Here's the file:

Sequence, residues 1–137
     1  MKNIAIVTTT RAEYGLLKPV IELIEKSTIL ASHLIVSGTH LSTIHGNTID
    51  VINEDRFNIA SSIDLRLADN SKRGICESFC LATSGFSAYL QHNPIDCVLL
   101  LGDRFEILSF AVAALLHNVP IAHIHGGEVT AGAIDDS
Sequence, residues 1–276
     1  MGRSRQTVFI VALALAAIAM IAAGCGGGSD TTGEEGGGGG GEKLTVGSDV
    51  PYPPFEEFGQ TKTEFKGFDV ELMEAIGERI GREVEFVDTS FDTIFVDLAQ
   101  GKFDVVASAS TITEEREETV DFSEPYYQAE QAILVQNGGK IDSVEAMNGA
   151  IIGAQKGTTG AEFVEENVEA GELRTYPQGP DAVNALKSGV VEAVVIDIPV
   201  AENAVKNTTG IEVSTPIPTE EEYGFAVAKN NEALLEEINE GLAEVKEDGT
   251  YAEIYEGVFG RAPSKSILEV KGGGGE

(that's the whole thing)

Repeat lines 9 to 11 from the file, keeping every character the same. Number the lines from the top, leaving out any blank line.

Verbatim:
   151  IIGAQKGTTG AEFVEENVEA GELRTYPQGP DAVNALKSGV VEAVVIDIPV
   201  AENAVKNTTG IEVSTPIPTE EEYGFAVAKN NEALLEEINE GLAEVKEDGT
   251  YAEIYEGVFG RAPSKSILEV KGGGGE